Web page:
Michigan House Republicans
Rep. Neyer: Budget plan fails to make key investments despite spending spree
RELEASE|June 29, 2023
Contact: Jerry Neyer

State Rep. Jerry Neyer this week opposed advancing budget plans that bloat state government in record fashion while offering little to meet critical needs.

Neyer criticized the proposals, which commit nearly $82 billion for the upcoming fiscal year beginning Oct. 1, for a lack of support for rural communities compared to other parts of the state, as well as a lack funding for local roads, bridges, water lines and other critical infrastructure. Overall, less than one-sixth of the state Department of Transportation budget will actually go toward fixing roads.

Neyer outlined examples of wasteful spending within the plans, including $50 million for an unlisted, undeclared project in the greater Detroit area and $500 million that can be authorized for corporate giveaways through the state’s Strategic Outreach and Attraction Reserve with little to no legislative oversight.

“There are a lot of pet projects in this budget and not a lot of practical solutions for hard-working taxpayers,” said Neyer, of Shepherd. “I speak with people every day across our region who want their local roads fixed and their communities to be safe for themselves and their families. This budget doesn’t do enough to address those issues despite spending lavishly.”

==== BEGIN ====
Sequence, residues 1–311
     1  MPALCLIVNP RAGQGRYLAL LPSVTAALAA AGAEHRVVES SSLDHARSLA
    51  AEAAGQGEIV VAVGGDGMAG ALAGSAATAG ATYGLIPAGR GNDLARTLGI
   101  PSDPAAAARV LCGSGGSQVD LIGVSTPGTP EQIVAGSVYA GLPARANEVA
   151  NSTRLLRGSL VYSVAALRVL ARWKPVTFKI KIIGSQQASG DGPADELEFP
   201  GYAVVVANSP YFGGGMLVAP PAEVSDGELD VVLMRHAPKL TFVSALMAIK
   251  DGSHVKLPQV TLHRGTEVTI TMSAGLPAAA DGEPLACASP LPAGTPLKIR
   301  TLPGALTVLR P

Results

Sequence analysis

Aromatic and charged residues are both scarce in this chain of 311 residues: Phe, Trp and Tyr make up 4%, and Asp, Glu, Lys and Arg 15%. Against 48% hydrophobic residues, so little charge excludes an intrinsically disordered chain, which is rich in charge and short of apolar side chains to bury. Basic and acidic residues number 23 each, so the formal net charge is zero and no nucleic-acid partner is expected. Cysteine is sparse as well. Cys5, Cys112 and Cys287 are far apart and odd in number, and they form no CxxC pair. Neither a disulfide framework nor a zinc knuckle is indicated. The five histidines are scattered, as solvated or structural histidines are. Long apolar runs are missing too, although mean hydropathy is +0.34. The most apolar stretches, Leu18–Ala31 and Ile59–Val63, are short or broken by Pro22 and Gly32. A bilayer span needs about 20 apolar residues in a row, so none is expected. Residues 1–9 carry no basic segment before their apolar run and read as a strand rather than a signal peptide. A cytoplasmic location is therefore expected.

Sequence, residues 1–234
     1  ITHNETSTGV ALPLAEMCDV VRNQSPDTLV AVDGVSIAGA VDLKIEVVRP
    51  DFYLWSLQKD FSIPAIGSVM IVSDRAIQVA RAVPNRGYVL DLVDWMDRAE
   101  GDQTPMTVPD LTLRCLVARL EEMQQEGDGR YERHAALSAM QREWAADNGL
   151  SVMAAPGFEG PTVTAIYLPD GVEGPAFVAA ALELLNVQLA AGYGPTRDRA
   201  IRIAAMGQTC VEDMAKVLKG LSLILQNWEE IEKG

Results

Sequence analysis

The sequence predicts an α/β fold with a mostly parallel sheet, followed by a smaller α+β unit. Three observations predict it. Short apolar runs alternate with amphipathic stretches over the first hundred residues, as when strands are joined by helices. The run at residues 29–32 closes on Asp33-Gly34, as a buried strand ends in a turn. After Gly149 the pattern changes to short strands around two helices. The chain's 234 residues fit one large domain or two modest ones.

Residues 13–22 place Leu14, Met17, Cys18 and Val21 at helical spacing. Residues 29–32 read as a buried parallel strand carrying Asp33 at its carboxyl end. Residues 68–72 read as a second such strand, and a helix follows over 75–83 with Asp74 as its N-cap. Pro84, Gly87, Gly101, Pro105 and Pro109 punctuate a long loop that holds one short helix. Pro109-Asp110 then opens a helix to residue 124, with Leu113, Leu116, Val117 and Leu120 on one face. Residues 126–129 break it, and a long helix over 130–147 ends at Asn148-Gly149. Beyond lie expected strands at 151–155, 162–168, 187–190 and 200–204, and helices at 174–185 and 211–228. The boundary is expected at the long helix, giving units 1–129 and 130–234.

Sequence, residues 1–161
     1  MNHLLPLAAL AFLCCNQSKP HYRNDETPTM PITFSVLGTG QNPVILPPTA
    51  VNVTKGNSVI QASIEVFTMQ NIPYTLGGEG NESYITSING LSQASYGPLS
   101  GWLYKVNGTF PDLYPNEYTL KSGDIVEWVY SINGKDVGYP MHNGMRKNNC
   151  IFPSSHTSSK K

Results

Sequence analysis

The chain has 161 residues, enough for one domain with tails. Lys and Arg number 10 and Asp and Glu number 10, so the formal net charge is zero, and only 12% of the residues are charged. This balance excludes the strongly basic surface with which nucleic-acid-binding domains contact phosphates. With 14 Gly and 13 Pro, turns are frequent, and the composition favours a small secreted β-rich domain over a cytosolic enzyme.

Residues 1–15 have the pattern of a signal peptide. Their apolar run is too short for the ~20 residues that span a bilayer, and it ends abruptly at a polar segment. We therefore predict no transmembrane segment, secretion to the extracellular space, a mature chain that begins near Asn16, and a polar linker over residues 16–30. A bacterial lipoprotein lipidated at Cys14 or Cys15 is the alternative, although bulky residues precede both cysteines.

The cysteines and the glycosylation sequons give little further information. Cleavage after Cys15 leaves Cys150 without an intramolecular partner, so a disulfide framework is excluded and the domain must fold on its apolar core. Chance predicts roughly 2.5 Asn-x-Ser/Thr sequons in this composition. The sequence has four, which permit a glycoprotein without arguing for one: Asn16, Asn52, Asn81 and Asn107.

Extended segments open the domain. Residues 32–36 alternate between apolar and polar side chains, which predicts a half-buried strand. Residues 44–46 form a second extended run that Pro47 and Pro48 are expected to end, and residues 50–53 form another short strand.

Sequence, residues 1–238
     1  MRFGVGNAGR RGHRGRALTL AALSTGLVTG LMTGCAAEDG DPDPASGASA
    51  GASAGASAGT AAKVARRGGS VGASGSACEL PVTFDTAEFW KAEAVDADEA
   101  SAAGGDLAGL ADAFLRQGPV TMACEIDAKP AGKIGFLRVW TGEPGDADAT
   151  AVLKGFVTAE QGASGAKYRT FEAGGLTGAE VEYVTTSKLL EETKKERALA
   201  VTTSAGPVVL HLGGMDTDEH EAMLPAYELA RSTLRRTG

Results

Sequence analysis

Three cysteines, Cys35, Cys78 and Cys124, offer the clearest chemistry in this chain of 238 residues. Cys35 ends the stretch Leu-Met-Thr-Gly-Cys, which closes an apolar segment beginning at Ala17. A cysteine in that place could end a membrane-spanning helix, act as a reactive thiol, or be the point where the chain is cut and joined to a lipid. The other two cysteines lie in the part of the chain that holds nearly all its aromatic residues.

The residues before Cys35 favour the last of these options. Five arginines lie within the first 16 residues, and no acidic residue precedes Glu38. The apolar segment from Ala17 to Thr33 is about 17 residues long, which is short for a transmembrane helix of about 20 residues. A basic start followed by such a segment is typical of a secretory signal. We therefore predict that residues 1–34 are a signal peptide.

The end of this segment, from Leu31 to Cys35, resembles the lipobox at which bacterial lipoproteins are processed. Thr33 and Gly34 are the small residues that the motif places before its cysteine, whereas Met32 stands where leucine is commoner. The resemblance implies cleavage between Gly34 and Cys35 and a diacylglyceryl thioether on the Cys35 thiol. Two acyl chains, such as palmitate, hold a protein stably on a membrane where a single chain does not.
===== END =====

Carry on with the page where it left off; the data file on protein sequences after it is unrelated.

In addition, the budget would create more than 1,000 new bureaucratic jobs – positions that will be difficult to eliminate in future years if funds aren’t available. Some of these positions will actively burden taxpayers – impacting small businesses via new inspectors and increased fees.

Annual adjusted gross appropriations have increased by over $30 billion from where they were a decade prior. Neyer said the spending is unsustainable.

“Expanding state government’s workforce by over 1,000 jobs while our state’s population is shrinking is a tone-deaf move,” Neyer said. “Growing state government’s budget while people across our state are having to get tighter with their own budgets is a tone-deaf move. While the school budget has a lot of good things in it, this plan missed the mark in a lot of areas overall. It’s going to lead to some hard decisions in next year’s budget and down the line.”

House Bill 4437 and Senate Bill 173 will soon head to the governor for consideration.

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